For as long as I can remember I have always been a part of the Seventh-day Adventist church. Initially it was because I was born into an Adventist family. I didn’t really become an Adventist until I decided to get baptized. Baptism was my way of saying publicly that I accepted Jesus as my Lord and savior, and that I believe the Adventist church has a more accurate interpretation of scripture then the other Christian denominations.
For a few days now I’ve been attending a program at my church on the Holy Spirit. The objective, as I understand it, is to present a biblical perspective on the identity and the work of the Holy Spirit. There is special emphasis given to His dealings with us, individually, and the church community at large. I’ve come away from these meetings thinking of what our actions and words as members of the church really say about our thoughts on the nature and mission of the church. Though these meetings are the catalysts for this post, they are not the beginning of my reflections on the church.
My reflections came as a result of various sermons and statements made on the exaltation of one or a group over the other members of the faith community. Now there is truth in saying that God exalts persons over their enemies, whether they be in the church or not. However, I get the impression that most of these statements are driven more from feelings of hatred because of wrongs done. A spirit of division seems to anchor itself in us and as a result we become determine to prophesy of our ascension over the entire church even though God didn’t send us. In creole a major phrase that gives voice to these feelings is, “Bondye mete m ‘sou moun,” (translation, “God put me over people”).
Hatred for others is sanctified and deemed acceptable as long as we structure our statements to emphasize God’s uplifting of ourselves. To some extent it is not our fault because that’s what we were taught to understand. On the other hand we have a responsibility to seek after the realization of Jesus’ prayer for the church in John 17. Unity must be emphasized unless it is spiritually damaging to do so. Of course we will not admit that most of the time the motivation for which we say these things is because of hatred, but our refusal to find unifying means by which to resolve conflict is indicative of our beliefs. Actions speaks louder then words.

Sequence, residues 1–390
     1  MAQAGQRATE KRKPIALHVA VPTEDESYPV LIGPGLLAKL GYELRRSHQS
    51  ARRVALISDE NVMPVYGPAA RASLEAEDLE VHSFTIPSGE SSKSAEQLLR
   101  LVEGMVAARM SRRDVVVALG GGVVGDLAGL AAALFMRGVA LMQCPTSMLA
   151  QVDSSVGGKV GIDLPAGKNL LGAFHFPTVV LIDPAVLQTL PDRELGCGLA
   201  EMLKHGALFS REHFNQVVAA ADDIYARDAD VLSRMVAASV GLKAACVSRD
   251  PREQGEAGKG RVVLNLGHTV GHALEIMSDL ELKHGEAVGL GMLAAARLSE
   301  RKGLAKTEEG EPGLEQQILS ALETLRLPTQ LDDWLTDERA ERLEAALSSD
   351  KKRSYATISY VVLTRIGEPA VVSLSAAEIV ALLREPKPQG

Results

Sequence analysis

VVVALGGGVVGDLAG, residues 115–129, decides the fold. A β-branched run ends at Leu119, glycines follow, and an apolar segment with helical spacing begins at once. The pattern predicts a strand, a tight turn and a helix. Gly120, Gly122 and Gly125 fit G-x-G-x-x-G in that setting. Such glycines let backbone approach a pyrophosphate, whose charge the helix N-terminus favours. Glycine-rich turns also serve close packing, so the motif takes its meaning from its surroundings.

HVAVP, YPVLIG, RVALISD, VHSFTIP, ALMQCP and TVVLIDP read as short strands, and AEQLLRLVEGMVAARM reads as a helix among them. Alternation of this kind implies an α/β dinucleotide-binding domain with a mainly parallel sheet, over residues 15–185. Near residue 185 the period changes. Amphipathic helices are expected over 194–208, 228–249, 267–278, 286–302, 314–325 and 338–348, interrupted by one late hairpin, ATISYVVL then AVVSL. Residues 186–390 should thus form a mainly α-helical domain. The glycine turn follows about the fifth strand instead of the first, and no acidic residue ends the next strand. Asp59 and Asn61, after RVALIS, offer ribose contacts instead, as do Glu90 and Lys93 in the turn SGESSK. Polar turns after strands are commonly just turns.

The criticism stated above reveals two things. Either we are blindsided by the frustration that conflicts bring and thus our minds narrow in to selfish resolutions, or we don’t know what the Bible says about the nature and mission of the church. A third possible option is that we have rejected what the Bible says. If this is the case we need to really consider why we have joined the church.
These cherished ideas are the progenitors of some of the clicks that are form within churches. Division in of itself is not necessarily a bad thing. In a community some will be closer to a set of people then others. This happens even in families. However this closeness should not be a dwelling place for anti-others sentiments. We should never allow our friendships to be a centre for character assassination. Division should serve as an enhancement to the community.
The church will fail in its mission if it doesn’t understand how it should exist. There will and must be a struggle in our attempts to align with the biblical model of what the church should be. In return the struggle will strengthen us as a community and reinforce our belief in the surety of the Word of God. For if the church can’t and doesn’t desire to unite as a body then it can’t exist as intended. The church will always exist, but if we wrestle against God we may not be a part of it.